Founded in 1965, the American College of Veterinary Surgeons is the American Veterinary Medical Association specialty board which sets the standards for advanced professionalism in veterinary surgery.
Following the 2010 certification examination, ACVS includes more than 1,470 Diplomates. Approximately 65 veterinarians earn their Diplomate Credentials every year. More than 60 percent of the ACVS Diplomates operate in private and specialty practices that accept cases on a referral basis from primary care practitioners. The remainder are primarily employed by academic institutions and industry where they teach, conduct research, practice in teaching hospitals, and participate in the development of new products and treatments which improve the quality of veterinary and human health care.
The ACVS defines the standards of surgical excellence for the profession, promotes advancements in veterinary surgery, and provides the latest in surgical educational programs. By fostering the highest standards of excellence in veterinary surgery, the ACVS is helping the veterinary profession achieve its goals of providing outstanding service to the public and care to animals.Q: What is a Diplomate?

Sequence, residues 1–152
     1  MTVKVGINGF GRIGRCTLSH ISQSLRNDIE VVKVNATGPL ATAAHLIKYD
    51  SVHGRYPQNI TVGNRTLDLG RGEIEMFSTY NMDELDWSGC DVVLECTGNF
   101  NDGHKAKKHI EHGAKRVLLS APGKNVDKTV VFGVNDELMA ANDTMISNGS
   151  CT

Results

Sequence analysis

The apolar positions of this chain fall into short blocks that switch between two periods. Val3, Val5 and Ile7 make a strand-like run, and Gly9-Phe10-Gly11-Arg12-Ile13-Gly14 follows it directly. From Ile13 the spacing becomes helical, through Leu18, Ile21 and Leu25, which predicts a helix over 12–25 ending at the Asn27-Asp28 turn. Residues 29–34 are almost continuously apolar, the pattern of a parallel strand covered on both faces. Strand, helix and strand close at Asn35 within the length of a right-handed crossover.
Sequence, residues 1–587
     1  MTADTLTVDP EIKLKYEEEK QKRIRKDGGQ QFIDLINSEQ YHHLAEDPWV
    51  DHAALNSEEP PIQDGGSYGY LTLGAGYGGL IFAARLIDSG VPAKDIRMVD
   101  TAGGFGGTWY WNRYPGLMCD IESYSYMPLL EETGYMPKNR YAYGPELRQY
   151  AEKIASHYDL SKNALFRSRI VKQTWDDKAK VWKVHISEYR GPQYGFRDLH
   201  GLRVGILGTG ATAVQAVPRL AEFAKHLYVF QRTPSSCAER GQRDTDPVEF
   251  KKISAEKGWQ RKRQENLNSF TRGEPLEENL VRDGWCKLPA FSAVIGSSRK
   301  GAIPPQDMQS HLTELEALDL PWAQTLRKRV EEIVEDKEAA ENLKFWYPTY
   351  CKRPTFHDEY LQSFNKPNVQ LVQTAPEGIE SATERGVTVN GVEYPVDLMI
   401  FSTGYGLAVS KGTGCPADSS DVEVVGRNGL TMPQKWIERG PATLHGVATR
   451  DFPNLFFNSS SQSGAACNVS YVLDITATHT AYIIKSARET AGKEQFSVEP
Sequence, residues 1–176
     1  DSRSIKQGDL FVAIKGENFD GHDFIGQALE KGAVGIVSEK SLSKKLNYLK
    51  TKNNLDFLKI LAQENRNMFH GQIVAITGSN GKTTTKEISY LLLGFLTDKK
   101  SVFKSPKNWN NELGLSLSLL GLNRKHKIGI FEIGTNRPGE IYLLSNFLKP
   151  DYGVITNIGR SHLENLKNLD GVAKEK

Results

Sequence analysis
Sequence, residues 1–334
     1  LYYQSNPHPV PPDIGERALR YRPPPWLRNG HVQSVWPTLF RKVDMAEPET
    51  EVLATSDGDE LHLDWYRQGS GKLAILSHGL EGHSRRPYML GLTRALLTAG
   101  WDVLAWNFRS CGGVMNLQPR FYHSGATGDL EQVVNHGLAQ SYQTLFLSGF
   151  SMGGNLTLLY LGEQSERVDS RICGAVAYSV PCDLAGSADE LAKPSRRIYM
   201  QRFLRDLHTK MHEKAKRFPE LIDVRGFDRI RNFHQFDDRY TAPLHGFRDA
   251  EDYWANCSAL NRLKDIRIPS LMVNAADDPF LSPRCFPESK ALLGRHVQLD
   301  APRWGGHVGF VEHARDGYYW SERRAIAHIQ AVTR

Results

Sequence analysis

A: An ACVS Diplomate in an individual who has been certified as a specialist in veterinary surgery by the American College of Veterinary Surgeons.Q: What does “board certified” mean?
A: A board certified surgeon is an individual who has completed the requirements of the ACVS to become certified as a specialist in veterinary surgery (an ACVS Diplomate).
Q: Do I need a surgeon who is board certified?
A: Advances in animal health care have led to a wider variety of treatment options, including highly specialized surgical procedures. Board certified surgeons spend at least four years after achieving their veterinary medical degree (DVM) focusing strictly on surgery. This concentrated training in surgery allows the ACVS Veterinary Surgeon to keep current with frequent advances in veterinary medicine. Ask your veterinarian if the procedure requires a specialist. General procedures may be less likely to require someone who is board certified.
Please visit http://www.acvs.org/ for more information.